Fort Herkimer was built around the stone house of Johan Jost Herkimer, which stood a short distance east of present Fort Herkimer Church. This post was originally called Fort Kouari, taking its name from the locality, which was originally called Kouari, a corruption of the Mohawk word Ok-wa-ri, meaning "bear". After Herkimer built his store here in 1740, the place became known as "Herkimer's". As the fort of 1756, enclosed Herkimer's house, it naturally took his name. A plan of the fort, published in [Nathaniel S.] Benton's "Herkimer County and the Upper Mohawk Valley", [i.e, A History of Herkimer County: including the Upper Mohawk Valley, from the earliest period to the present time, etc.] shows this important fortification. In the fort are noted the "stone house", "old house" (which was probably Herkimer's first permanent log house in which General Herkimer was born), "guard room" and "well". The fort stood close to the river and its gate opened toward the water. Fort Herkimer was a strong post and bore an important part in the French and Indian war. It is said that the partially built present Fort Herkimer Reformed Church also formed a fortification here during the French war. About 250 men garrisoned Fort Herkimer. After the capture of Fort Oswego and the destruction of Forts Bull and Williams, in 1756, Fort Herkimer became the most advanced frontier post in New York until Fort Stanwix was built in 1758.

In 1755, the Assembly passed an act raising 3,000 pounds ($7,500) to be expended in fortifying Schenectady, which was done.

In 1756, there were the following fortifications along the Mohawk River, after the destruction of those at the Mohawk-Wood Creek portage: Fort Schenectady, Fort Johnson, Fort Hunter, Fort Canajoharie, Fort Hendrick, Fort Herkimer.

Whether there was a military post, in 1756, at Frey's in present Palatine Bridge, it is difficult to say. Fort Harrison was built in 1736, a short distance northwest of present Palatine Church. It was used as a neighborhood defense in the Old French war and in the French and Indian war. Probably it is Fort Harrison or Fort Frey which is mentioned in the account of the Mohawk Valley by the French spy in 1756, although the location he gives would indicate the Ehle house in present Nelliston.

Montcalm was now in command of the French forces. He was a brilliant energetic officer, who perceived the weaknesses of the English commanders and was quick to take advantage of them. He sent out an expedition from Fort Frontenac (Kingston, Ont.), which captured Fort Oswego on August 14, 1756, and burned the post. General Webb marched to the relief of Fort Oswego but, lacking courage, stopped at the Mohawk portage and burned Fort Williams and the fortifications which he had started there to replace Fort Bull and turned around and marched back down the Mohawk Valley. Johnson raised a body of Indians and militia to go out with Webb, which he disbanded after Webb's shameful retreat. The war was being conducted by the English military commanders with the usual inefficiency which had prevailed since the struggle for French or English mastery had begun in 1689, at the commencement of King William's war. Sir William Johnson was in conference with the Six Nations at Oneida, Onondaga and Fort Johnson, during the summer of 1756.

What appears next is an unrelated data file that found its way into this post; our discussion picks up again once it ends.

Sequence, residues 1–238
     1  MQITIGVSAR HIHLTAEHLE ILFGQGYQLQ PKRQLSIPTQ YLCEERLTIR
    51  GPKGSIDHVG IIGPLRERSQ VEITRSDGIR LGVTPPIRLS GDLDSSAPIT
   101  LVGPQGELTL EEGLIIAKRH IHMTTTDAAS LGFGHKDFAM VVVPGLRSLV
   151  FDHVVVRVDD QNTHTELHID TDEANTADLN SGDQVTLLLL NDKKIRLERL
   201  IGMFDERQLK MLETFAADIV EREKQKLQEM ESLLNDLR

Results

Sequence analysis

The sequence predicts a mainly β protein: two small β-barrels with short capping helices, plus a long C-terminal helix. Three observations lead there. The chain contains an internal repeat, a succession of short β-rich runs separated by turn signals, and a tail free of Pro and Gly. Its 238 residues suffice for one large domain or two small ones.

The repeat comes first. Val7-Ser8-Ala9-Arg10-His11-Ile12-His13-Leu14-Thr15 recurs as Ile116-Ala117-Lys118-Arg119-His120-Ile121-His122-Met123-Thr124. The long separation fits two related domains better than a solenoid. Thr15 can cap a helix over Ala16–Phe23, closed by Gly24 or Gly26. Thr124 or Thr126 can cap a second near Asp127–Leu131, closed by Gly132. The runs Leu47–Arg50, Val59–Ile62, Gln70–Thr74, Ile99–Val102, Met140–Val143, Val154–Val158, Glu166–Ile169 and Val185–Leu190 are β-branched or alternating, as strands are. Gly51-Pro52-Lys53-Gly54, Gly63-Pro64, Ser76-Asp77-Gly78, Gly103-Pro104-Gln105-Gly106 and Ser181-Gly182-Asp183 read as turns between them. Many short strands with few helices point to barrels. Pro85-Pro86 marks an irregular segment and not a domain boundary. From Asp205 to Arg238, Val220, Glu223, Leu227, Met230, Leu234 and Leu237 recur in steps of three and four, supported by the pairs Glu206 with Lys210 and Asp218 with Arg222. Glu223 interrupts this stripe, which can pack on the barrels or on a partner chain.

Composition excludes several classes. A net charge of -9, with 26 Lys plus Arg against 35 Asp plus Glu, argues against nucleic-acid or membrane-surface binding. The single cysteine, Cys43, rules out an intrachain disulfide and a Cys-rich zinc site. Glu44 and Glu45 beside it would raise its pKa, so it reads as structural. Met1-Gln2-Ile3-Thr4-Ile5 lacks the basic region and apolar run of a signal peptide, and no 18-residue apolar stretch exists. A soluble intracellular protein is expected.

An army of ten thousand Americans and British had been raised in 1756, which mobilized at Albany, under the command of Lord Loudoun and his lieutenant, General Abercrombie, two military incompetents. The militia were anxious to move forward to the conquest of New France but the English commanders kept this great force dawdling about all summer. In connection with these futile operations, Sir William Johnson marched with a party of Indians from Fort Johnson for Fort Edward, on October 17th and marched back again on November 2nd. He held a conference with Lord Loudoun on November 6th at Albany and from November 17th to the 23rd he held councils with the Six Nations at Fort Johnson. On November 24th, Johnson sent George Croghan, deputy Indian agent, on a mission to the Pennsylvania Indians. The year 1756 closed with much disappointment to the American Colonists, who had hoped for some definite steps toward the conquest of their hereditary enemy on their northern borders. The Six Nations were also disgusted with the conduct of the war by the English commanders and were only kept loyal to the British cause by their friendship for Sir William Johnson.